WSU’s domestic violence awareness efforts

A flag with the domestic violence ribbon on it flying in the wind. (MGN)

Since 1989, October has been recognized as National Domestic Violence Awareness Month. In the state of Utah, 1 in 3 women will be a victim of domestic violence. Throughout this month, Weber State University’s Women’s Center wants to draw as much attention to this issue as possible.

“A huge part of these awareness months is to show survivors and victims, whether or not they’re able to seek help right away, that there is help available, and that there are people who care, who are trained and know what the resources are,” Paige Davies, director of the Women’s Center, said. “They know how to help somebody to be safe, and they’re there for when they’re ready for it. Even if they’re not ready to leave — or want to leave — the relationship in October, we’re still gonna be there in November, December and January.”

As of right now, there are not enough resources and/or information to create statistics on domestic violence within the WSU student body. However, the Utah domestic violence statistics are much higher than the national average.

According to the National Coalition Against Domestic Violence, 33.6% of women and 21.4% of men in Utah will fall victim to domestic violence within their lifetime. In comparison, nationally, 1 in 4 women and 1 in 10 men will fall victim to domestic violence within their lifetime. The Utah Domestic Violence Coalition estimates that, every year, 80 children in the state of Utah will witness the murder or attempted murder of their mother.

“I wish more people knew just how common it is,” Mercedes Ziegler, violence prevention coordinator for Safe@Weber, said. “In Utah, about 1 in 3 women experience domestic violence, which is higher than the national average. Just understanding that it happens regardless of your socio-economic class, your race or gender. Anyone is affected by it, and it happens a lot. I wish people knew it was a lot more pervasive than we think it is.”

Because domestic violence rates are higher in the state of Utah, students and staff at Weber State have access to resources to prevent and end domestic violence if and when it occurs. The Women’s Center has resources for victims and survivors of domestic violence that are open to anyone at Weber State at any time of year.

“I think it’s just important for people to know that the Women’s Center offers victim advocacy services,” Davies said. “It’s free and confidential for students and employees. We serve everybody. Violence in relationships doesn’t happen just to women or just to people in straight relationships. We serve men and non-binary individuals and people in all different sexual oritenations. There’s not one way a victim looks or lives their life, and we’re open for everybody to seek support.”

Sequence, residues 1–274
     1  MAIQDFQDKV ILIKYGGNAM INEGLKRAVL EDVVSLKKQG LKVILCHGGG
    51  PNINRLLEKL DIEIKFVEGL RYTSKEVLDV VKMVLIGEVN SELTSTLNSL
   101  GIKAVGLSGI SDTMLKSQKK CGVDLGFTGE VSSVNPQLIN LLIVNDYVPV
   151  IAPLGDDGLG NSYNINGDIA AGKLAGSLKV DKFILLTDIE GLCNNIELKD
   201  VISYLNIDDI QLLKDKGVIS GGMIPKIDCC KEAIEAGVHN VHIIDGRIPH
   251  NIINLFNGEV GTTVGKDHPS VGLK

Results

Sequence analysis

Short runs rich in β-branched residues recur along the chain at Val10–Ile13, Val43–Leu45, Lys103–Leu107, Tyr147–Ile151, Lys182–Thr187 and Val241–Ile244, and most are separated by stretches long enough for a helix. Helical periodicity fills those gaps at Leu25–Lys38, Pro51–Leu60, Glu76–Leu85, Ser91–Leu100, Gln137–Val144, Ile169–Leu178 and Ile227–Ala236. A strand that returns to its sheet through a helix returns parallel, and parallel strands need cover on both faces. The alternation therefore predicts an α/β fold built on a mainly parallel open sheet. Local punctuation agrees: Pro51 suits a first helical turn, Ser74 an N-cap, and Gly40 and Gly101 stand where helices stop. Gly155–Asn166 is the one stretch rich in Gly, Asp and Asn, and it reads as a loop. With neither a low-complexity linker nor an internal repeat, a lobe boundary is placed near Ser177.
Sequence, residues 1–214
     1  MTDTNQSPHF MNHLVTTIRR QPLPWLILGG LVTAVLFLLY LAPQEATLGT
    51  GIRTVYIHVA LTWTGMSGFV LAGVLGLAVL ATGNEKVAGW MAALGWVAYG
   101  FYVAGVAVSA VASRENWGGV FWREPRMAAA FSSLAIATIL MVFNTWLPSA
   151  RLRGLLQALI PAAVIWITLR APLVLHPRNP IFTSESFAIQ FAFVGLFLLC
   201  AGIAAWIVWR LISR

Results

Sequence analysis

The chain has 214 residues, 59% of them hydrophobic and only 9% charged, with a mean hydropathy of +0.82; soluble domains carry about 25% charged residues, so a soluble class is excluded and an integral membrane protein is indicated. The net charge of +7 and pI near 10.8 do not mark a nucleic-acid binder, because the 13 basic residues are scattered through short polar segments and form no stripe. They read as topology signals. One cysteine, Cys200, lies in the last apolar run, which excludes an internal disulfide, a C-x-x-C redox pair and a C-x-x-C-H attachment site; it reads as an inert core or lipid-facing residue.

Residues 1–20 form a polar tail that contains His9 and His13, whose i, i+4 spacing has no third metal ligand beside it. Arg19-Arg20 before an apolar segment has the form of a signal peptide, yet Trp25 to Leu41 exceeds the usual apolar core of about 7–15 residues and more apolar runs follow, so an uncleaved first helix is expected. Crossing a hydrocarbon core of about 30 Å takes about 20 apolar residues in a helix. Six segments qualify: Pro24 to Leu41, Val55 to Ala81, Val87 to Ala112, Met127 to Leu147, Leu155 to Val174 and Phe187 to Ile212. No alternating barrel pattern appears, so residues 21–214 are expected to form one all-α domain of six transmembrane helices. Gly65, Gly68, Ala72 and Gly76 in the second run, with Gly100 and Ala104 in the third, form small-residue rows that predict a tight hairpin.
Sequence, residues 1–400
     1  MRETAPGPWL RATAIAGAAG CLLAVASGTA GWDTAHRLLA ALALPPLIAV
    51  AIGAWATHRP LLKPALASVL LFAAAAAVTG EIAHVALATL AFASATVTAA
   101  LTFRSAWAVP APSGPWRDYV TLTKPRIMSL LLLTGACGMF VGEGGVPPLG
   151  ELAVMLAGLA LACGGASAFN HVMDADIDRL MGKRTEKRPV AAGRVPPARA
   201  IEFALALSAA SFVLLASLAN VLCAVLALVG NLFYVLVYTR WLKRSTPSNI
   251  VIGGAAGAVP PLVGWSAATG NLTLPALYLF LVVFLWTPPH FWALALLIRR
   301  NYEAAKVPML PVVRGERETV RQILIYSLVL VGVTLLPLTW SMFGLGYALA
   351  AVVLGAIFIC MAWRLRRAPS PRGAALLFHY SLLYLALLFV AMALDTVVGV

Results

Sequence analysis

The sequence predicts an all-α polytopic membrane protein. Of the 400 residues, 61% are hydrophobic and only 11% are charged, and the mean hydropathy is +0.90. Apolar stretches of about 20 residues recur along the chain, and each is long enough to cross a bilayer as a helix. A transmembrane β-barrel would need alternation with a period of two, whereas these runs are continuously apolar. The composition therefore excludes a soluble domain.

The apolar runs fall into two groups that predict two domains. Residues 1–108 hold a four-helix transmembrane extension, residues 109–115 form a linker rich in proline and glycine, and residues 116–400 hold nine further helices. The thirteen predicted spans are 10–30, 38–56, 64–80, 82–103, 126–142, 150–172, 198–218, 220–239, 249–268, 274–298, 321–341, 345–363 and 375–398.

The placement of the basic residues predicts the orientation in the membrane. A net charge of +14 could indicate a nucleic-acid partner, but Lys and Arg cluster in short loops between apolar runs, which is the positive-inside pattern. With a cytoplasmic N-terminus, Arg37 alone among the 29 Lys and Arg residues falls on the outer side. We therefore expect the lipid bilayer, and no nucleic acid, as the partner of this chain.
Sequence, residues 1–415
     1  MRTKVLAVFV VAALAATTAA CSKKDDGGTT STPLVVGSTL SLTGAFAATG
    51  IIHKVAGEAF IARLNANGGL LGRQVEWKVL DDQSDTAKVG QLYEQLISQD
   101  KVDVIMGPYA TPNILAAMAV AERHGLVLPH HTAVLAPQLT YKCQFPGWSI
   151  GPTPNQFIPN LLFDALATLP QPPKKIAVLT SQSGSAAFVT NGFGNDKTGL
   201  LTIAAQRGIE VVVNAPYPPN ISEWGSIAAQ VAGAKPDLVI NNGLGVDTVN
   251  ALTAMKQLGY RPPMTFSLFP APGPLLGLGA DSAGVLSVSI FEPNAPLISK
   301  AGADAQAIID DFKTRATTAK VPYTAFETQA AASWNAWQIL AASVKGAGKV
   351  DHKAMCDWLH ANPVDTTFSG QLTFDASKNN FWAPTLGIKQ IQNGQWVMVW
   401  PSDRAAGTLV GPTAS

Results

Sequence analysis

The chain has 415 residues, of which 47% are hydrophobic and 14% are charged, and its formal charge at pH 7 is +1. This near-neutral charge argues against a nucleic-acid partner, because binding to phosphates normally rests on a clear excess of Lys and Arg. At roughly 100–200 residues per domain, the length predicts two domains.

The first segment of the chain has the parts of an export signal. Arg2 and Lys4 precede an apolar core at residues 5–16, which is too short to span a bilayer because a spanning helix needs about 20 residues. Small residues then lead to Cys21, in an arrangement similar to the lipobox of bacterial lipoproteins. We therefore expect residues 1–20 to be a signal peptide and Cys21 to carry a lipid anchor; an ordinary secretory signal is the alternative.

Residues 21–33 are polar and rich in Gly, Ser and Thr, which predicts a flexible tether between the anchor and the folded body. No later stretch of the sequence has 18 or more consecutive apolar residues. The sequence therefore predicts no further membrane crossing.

Throughout the month of October, the Women’s Center is holding events not just to spread awareness of domestic violence, but to support victims who may need help coming forward. They hope the events this month will prompt victims or those whose loved ones may be victims to come forward and find support.

“Our overall messaging is to make people aware that they are not alone,” Ziegler said. “So, if they have experienced [domestic violence] or they know somebody who has experienced it, there are resources out there. We’re trying to shed light on conversations, so that way, it’s not such a ‘hush-hush’ type situation. Just getting out there and letting people know that they’re not alone and that there’s people out there for them.”

The events of the month include a clothesline display of t-shirts created by survivors of domestic violence to honor victims that will be displayed in the Shepherd Union from Oct. 3-31.

There will be a Supporting Survivors Event on Oct. 4 to highlight Safe@Weber advocacy. There will also be two “Boo’d Up” workshops on starting healthy relationships on Oct. 12 and 26. Additionally, there will also be a Title IX 50th anniversary event on Oct. 12 and a Human Trafficking Symposium on Oct. 27. Information for these events will be available in the Women’s Center newsletter.

The Women’s Center also wants to use this month to highlight that domestic violence is not always what people expect it to be.

“Harm can happen in all different types of relationships, even if you’re not living with the person,” Davies said. “It can happen in dating relationships. It happens in casual relationships. It can take many different forms, not just physical. Intimate partner violence is a cycle of power and control. That can be emotional abuse or financial abuse, social isolation. All of these things might kind of happen before physical violence happens. Those might be red flags in a relationship. Maybe that is what happens and physical violence never happens. That’s still abuse and that’s still harm and causing harm within the relationship.”

Throughout the month, Weber State and the Women’s Center are dedicated to creating awareness for the resources on campus for domestic violence survivors.

“The first step to ending any kind of violence in a community is awareness,” Ziegler said. “Making people aware of our statistics, not only nationally, but here in Utah because they are higher than the national average, making people aware of the resources, confronting all of the myths about it and really just talking about it. That is what opens doors for prevention and intervention and ultimately putting survivors on a path to healing.”

If you or someone you know is a victim of domestic violence, please contact the Women’s Center at 1-801-626-6090, the National Domestic Violence 24/7 Hotline at 1-800-799-7233 or the YCC Crisis Center 24/7 Hotline at 1-801-392-7273.